French Comfort Food is the kind of cookbook you might reach for more often in fall and winter, but cookbook author and Marche Dimanche food blogger Hillary Davis does have the ambitious home cook covered year-round with recipes like Perfect Crème Caramel (which can be served with either berries and fresh mint or sugar-frosted cranberries, depending on the season) and Summery Salade Niçoise Sandwiches.
Most of the recipes in French Comfort Food, though, are for hearty, substantial dishes such as the Vegetarian Shepherd’s Pie (Ratatouille Comme un Parmentier) pictured on the front cover – made with ratatouille instead of the traditional ground beef base – and Potato, Bacon, Cheese, and Wine Casserole (La Tartiflette) – which is just what it sounds like.
Here’s how the author describes the kind of home-style French food she fell in love with and pays homage to in her recipes:
There are dishes in every region of France that stand out as superb soul-soothers, the ones you would reach for on a gloomy day that are not well known and not easily found in cookbooks. There’s the ancient dish, crespéou, a stunning vegetable omelet cake standing high on a plat surrounded by a glorious sauce you swipe your fork through. Or the potato bacon, and melted cheese wonder from the alpine region of Savoy called tartiflette. What could be better than watching snowflakes fall while you tip your fork into this meltingly delicious casserole? Quite possibly, it could be another heartwarming, rich tasting casserole found in southwest France, called cassoulet, made with sausages and beans and duck. Once I tasted it, I fell in love and found myself searching for it in restaurants wherever I went. Now I have a way of cooking this labor-intensive dish at home in a slow cooker, and have included the recipe for you to try for yourself. And what about riz à l’impératrice, all the Normandy cider-apples-and-cream dishes; or Brittany’s butter cakes and cookies; French Alpine fondues; Alsatian quiches; Burgundy’s boeuf bourguignon and garlicky escargots; or the sun-drenched Midi’s much-loved fish soups and vegetable tians?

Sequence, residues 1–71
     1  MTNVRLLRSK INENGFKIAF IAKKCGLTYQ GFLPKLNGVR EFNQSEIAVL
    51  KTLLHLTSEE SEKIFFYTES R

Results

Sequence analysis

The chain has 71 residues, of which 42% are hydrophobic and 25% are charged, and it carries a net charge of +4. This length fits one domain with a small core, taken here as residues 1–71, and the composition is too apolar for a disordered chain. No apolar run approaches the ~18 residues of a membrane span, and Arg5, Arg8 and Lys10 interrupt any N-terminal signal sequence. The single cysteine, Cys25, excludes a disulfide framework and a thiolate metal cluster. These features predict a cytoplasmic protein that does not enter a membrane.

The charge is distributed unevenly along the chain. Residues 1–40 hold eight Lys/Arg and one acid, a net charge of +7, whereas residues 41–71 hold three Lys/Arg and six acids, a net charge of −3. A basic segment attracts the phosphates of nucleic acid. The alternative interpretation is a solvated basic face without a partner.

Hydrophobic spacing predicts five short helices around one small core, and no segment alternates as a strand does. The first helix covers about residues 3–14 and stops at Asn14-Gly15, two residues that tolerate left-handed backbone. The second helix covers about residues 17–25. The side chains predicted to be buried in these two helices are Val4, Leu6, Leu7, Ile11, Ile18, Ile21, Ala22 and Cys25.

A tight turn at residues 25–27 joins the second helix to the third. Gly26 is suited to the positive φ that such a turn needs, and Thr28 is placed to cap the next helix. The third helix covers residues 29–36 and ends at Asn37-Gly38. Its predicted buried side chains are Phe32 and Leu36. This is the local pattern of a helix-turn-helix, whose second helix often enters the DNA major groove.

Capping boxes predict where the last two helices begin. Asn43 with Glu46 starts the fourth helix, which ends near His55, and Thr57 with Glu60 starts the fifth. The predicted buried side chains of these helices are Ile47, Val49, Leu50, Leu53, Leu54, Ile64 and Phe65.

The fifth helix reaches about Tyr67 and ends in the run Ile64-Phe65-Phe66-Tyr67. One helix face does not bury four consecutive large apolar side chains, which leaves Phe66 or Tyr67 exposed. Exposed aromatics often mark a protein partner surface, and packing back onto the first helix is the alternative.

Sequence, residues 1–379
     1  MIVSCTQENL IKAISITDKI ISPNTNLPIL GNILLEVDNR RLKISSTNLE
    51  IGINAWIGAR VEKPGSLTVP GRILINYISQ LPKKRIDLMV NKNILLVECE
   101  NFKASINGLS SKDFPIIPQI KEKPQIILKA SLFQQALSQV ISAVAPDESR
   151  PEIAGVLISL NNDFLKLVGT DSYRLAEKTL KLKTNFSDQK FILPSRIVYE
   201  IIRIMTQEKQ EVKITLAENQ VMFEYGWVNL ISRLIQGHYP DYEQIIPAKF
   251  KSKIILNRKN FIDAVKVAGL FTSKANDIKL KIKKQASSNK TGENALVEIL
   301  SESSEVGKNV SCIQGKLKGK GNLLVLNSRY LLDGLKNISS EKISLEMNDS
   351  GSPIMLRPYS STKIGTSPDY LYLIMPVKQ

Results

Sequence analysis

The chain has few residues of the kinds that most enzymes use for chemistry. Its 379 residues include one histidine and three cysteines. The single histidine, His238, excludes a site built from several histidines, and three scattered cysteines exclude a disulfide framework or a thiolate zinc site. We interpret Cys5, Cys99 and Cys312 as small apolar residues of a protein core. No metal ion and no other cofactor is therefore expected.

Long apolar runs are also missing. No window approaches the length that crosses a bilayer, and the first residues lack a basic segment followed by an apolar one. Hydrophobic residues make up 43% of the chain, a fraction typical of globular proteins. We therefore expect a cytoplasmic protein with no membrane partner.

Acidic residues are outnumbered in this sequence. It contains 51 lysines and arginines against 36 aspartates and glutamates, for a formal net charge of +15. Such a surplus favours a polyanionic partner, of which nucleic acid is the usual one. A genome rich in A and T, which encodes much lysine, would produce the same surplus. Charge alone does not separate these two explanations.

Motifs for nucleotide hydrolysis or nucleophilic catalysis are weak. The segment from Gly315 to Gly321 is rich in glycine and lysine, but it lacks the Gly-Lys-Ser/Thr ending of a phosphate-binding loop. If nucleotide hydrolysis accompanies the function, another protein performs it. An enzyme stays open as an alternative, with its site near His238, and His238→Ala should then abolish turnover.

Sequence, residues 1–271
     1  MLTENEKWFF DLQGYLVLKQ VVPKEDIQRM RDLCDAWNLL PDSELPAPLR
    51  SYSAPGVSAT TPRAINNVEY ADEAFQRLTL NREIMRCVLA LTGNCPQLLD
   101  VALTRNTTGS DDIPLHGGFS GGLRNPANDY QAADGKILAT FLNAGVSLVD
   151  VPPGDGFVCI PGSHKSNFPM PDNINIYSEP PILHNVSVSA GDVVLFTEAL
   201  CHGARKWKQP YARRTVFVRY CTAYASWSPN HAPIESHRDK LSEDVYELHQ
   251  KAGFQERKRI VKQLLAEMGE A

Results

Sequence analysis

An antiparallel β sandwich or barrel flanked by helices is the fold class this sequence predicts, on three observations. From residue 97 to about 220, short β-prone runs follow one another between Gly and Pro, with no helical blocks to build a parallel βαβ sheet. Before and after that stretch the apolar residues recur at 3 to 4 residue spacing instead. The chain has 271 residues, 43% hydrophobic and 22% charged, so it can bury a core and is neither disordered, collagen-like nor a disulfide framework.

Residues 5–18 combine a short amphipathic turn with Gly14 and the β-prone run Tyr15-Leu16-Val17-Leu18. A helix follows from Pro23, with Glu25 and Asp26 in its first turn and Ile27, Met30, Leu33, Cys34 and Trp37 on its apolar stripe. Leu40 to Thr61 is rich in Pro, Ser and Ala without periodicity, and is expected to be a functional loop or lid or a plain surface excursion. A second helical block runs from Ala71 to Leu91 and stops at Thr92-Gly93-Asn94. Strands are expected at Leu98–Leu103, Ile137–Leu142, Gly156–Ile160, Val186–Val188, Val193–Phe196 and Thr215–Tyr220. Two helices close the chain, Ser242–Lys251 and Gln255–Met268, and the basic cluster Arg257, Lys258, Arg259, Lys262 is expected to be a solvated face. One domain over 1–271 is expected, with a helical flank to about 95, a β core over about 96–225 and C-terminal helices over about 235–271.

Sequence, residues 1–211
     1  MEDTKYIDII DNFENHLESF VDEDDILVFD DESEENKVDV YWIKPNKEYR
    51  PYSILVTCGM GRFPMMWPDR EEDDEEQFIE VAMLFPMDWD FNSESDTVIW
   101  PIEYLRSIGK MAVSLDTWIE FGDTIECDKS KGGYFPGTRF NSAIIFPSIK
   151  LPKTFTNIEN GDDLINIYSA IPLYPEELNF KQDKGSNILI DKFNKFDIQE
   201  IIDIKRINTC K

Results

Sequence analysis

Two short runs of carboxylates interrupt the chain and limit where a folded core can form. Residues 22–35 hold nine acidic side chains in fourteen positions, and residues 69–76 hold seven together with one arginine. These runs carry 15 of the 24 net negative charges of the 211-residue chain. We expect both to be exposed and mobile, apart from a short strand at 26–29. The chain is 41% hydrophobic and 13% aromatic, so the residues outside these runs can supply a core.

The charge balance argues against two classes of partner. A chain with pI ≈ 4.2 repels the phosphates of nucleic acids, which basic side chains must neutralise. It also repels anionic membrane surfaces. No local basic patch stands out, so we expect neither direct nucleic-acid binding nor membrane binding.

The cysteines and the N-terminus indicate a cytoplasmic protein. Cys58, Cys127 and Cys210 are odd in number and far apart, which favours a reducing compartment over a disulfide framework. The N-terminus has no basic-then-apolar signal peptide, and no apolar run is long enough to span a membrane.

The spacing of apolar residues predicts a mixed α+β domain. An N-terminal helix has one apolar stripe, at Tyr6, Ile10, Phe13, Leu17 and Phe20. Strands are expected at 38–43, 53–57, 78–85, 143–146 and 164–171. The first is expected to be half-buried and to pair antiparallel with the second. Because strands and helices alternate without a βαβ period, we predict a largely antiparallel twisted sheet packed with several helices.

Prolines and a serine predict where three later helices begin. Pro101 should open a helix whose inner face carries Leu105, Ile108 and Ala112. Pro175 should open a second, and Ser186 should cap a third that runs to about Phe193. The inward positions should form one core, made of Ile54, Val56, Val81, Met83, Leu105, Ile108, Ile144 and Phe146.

French Comfort Food is beautifully laid out with gorgeous photography by Steven Rothfeld. The book is hefty, with excellent-quality paper and a sewn binding, making this a great gift for Francophiles or anyone who likes the idea of learning to cook French food that’s not as elaborate and labor-intensive as haute cuisine. It lies open flat at any recipe in the book, and seems made to last. It also has an excellent 9-page index!
Just reading through the book is enjoyable – a bit like traveling through France with the author – but the recipes are also appealing and I wanted to try all of them, except the two veal ones (Alsatian Two-Crusted Meat Pie and Creamless Creamy Veal Stew with Mushrooms and Pearl Onions.) Many of the recipes aren’t suitable for people on restricted diets, but the cookbook includes recipes that could be made for just about anyone here, whether vegetarian, gluten-free, or low-carb. Low-calorie dieters might be out of luck, though.
The Creamiest Potato and Leek Soup with Chopped Scallions and Crumbled Bacon was absolutely delicious. Different eaters in the family could enjoy this, because the bacon is an optional topping.
The Chicken in Wine with Loads of Garlic (Poulet au Vin Avec Beaucoup d’Ail) was also delicious – chicken thighs made with fresh rosemary and thyme, as well as two whole heads of garlic.
Planned for this weekend: Roasted Butternut Squash Soup with Candied Chestnuts (Soupe de Courge Musquée Rôtie et Marrons Glacés) and Brie Melted in Box with Brown Sugar for Two.
Having this soup along with Thanksgiving leftovers for supper tonight. Photo of finished soup to come!
Happy Weekend Cooking!
French Comfort Food
Gibbs Smith, 2014
Disclosure: I received a free review copy of this book from the publisher.